Some ballplayers just get stuck in between. There is a perception that just because a player has exhausted prospect eligibility, they must have also exhausted all of their potential. Some people believe that a small sample cameo in the major leagues is enough to see a player for what he is. Besides, if you can’t read about him as a prospect anymore, what else do you have to go on?
Tyler Wade is neither prospect eligible nor an established major leaguer. He can’t appear on prospect lists anymore, and as a 22-year-old rookie, he only slashed .155/.222/.224 in 63 PA. Other than his defensive versatility, nothing about his major league debut was impressive. As such, he received very little attention this offseason from blogs or pundits.
However, a year ago he had plenty of helium. The lefty-swinging middle infielder walked 11.3% of the time in 2016 at AA Trenton while stealing 27 bases. In the Arizona Fall League, he increased his walk rate to 18.8% and stole another 10 bases. With his excellent speed, quality glove, and patient approach, Baseball Prospectus squeezed him into the very last spot of the 2017 Top 101 prospect list.
Wade reported to AAA Scranton-Wilkes Barre for the bulk of 2017. Despite still being young for the level, he slashed .310/.382/.460 with 26 SB through 86 games. He also popped a career-high 33 XBH, which maybe portends increased power as he gets older. He played mostly shortstop, but also spent time at second base, third base, and all three outfield positions. Really, the only thing he did to hinder his prospect status was play in the major leagues.
Don’t sleep on Tyler Wade. Just saying.
— David Cone (@dcone36) February 11, 2018
So why did Wade’s bat abandon him in the big leagues? According to Brooks Baseball, he saw 331 pitches. He hung in OK against hard stuff and offspeed pitches, posting an 18% whiff/swing against both. Breaking balls were another matter. He whiffed at 60% of every breaking ball he tried to hit! His landing page at Brooks Baseball calls this, “a disastrously high likelihood to swing and miss.” If you’re “disastrous” at pretty much anything in major league baseball, opposing pitchers will find a way to exploit it. His 30.3% strikeout rate in the majors was roughly equal to Aaron Judge’s except without any of the power.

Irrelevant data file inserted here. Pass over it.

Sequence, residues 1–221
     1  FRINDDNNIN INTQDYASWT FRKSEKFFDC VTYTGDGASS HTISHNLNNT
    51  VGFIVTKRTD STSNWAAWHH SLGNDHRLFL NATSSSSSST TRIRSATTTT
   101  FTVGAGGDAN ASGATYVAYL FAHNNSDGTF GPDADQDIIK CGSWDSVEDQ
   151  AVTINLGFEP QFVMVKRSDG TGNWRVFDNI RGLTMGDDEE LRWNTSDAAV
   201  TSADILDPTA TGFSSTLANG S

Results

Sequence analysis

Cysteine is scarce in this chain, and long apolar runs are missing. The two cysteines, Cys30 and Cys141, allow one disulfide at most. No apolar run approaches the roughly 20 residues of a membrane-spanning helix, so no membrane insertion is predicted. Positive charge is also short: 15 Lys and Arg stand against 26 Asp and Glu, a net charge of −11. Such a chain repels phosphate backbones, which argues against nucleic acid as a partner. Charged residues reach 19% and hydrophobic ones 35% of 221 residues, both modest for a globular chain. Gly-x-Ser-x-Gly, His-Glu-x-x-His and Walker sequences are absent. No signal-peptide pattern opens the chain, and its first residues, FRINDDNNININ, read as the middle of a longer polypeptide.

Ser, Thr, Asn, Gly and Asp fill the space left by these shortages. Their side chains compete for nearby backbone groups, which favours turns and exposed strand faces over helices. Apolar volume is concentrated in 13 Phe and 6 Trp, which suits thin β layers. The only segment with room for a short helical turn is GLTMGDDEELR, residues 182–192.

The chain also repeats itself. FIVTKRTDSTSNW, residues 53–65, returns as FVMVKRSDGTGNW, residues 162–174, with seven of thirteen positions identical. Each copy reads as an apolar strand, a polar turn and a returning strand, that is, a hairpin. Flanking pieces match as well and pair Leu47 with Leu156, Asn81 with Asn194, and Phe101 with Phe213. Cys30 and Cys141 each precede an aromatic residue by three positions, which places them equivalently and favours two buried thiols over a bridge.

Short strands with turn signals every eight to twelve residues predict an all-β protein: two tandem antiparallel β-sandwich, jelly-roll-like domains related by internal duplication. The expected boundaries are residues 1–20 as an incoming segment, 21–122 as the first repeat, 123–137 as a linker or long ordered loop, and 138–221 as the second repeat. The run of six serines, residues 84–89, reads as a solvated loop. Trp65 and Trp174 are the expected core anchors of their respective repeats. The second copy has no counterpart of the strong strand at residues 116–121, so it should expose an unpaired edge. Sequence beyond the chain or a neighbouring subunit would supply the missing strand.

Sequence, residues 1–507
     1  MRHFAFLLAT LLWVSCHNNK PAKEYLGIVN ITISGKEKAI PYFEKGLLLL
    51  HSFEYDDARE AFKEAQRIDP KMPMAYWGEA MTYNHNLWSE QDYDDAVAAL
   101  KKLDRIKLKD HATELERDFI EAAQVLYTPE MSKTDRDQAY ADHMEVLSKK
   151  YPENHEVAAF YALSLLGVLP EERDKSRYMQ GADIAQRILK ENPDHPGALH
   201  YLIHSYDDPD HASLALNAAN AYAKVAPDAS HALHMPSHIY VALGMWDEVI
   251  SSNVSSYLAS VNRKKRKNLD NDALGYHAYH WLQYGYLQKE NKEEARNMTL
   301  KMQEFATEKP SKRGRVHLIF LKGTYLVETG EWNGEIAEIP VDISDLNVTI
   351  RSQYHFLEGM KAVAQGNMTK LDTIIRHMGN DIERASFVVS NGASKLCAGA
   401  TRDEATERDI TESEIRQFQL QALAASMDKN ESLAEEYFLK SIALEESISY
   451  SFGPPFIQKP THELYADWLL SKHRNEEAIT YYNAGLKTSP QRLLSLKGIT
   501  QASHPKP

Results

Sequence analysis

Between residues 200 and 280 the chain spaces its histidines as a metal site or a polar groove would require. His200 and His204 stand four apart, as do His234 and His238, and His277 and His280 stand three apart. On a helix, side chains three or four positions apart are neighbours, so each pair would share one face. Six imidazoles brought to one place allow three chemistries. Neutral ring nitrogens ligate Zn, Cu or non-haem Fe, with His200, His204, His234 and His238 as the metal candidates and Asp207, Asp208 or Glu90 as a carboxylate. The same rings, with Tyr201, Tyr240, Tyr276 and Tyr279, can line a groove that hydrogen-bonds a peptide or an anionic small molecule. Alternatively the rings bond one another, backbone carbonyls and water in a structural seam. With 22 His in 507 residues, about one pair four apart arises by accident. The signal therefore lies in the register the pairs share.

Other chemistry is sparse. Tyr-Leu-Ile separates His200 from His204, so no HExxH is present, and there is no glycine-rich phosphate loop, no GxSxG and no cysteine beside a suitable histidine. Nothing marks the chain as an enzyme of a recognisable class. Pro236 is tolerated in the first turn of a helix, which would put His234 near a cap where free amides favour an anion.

But fear not, Tyler Wade! 331 pitches are practically nothing! Here are the stat lines of three other players who had rough debuts at age 22 (courtesy of Baseball Reference Play Index):
Tony Perez: .080/.179/.120
Lou Brock: .091/.167/.091
Charlie Gehringer: .167/.250/.267
Perez, Brock, and Gehringer are all in the Hall of Fame. Wade probably won’t be a Hall of Famer, but 63 bad plate appearances is not a death knell for a young career, though it might help to start hitting curveballs. If he can manage that, the current construction of the Yankees’ roster should yield him several opportunities for playing time.
Second Base: Roster Resource lists Ronald Torreyes as the starting second baseman, but any Yankee fan who pays attention knows it’s Gleyber Torres’ job. The mega prospect was a freak elbow injury away from debuting last season (perhaps instead of Wade). But it’s not forgone conclusion that he’ll earn the job. Any prospect can disappoint, including a 21-year-old like Torres who’s yet to play even a half season above A+ ball. If things go south, Wade could get the first chance to pick up the pieces.
Third Base: Miguel Andujar will get the first crack at the hot corner. He’s a ready and capable hitter, but the defense and arm accuracy are suspect. If he turns out to be a young Eduardo Nunez, management may lose patience and give Wade a try.
Second Base and Third Base: Maybe everyone is great! If Torres, Andujar, and Wade are all playing well, Aaron Boone could implement some sort of infield rotation. Torres and Wade can both play all three positions including shortstop. With Wade batting lefty and Andujar righty, a platoon could be in order as well.
Super Utility: Chris Taylor of the Dodgers was a 5.7 WARP asset last season. He started games at 5 different positions without playing more than 49 at any one of them. Speed and defense are Wade’s calling cards. If he hits well enough to force his way into the lineup, they might just use him every day to give a different player a break.
Plain Old, Not-So-Super Utility: Ronald Torreyes batted 336 times for the Yankees last year. Despite hitting .292, his OBP was only .314 and he displayed very little power. The resulting 82 wRC+ was less than stellar. Could Wade do better in the same role? He’ll have an entire spring to prove that he can.
Photo credit: Brad Penner / USA TODAY Sports